Advocates for a syringe-exchange program, alarmed by increases in HIV and hepatitis C cases in the city of Cincinnati and Hamilton County, are taking their case to the Hamilton County Public Health Board on April 8. Mostly white male injection drug users are causing the rise in intravenous heroin use. In 2011, Hamilton County recorded 189 drug overdose deaths, primarily from opioids such as heroin and prescription painkillers such as Percocet and OxyContin. In 2012, Hamilton County reported 108 new HIV cases, compared to 65 new cases in 2011.
The advocacy group, Hamilton County Response to the Opioid Epidemic, has worked six years to establish a syringe exchange program, just as Scioto and Cuyahoga counties already have. Dr. Judith Feinberg, a professor at the University of Cincinnati’s College of Medicine and an infectious diseases specialist, declares, “The program would protect the public, reduce infections, and encourage involvement in (addictions) treatment.”
Since 2009, Hamilton County numbers for men’s and women’s hepatitis C cases have risen steadily. The total number of cases in the county is approaching 1,200, the highest since 2005. Hepatitis C case numbers among African Americans has been mainly steady since 2003; however, hepatitis C cases among whites in Hamilton County increased from approximately 200 in 2009 to approximately 500 in 2012. The highest case concentration has occurred in Green and Colerain townships, Norwood, and the city neighborhoods of Westwood, East and West Price Hill, Downtown, Over-the-Rhine, Walnut Hills, and Avondale.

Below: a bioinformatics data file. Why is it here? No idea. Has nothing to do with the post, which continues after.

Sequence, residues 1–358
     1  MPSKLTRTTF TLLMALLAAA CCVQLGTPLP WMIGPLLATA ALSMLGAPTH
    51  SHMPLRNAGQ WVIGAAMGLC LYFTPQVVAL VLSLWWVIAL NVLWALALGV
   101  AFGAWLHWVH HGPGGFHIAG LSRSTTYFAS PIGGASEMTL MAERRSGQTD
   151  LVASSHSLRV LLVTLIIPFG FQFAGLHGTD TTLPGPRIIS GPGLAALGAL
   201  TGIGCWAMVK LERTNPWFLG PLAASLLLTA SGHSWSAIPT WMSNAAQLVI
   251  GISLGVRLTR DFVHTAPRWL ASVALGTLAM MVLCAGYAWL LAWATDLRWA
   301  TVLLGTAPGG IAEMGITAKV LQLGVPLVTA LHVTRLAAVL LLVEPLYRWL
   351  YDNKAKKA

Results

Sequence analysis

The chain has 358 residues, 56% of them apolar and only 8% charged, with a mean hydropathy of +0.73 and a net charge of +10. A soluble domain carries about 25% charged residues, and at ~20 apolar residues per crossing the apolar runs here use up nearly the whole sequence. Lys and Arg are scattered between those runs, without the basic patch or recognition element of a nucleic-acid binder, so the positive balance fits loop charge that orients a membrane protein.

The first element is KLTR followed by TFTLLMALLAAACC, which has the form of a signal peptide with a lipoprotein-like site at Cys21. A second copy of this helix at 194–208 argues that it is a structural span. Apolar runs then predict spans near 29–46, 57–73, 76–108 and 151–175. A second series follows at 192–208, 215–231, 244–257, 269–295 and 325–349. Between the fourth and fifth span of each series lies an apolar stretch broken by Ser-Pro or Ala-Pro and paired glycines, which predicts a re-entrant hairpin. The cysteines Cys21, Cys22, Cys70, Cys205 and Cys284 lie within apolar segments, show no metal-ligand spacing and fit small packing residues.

Advocates envision a program using a van that would focus immediately on three neighborhoods: Over-the-Rhine, Westwood, and Lower Price Hill. Heroin users frequently discard used needles in public spaces in those areas, said Adam Reilly, a program advocate and HIV specialist. Cincinnati Health Commissioner Noble Maseru executed an emergency order for a needle-exchange program in February 2012, but neither public health boards nor Maseru has the authority to create a program; only county and city lawmakers can do so. Cincinnati City Manager Milton Dohoney Jr. has opposed the syringe program, citing that possession of drug paraphernalia is illegal.
The Hamilton County Public Health Board will hold its monthly public meeting Monday, April 8, at 6:30 p.m. at 250 William Howard Taft Road, Cincinnati, Ohio. Syringe-exchange program advocates Adam Reilly and Dr. Judith Feinberg will present.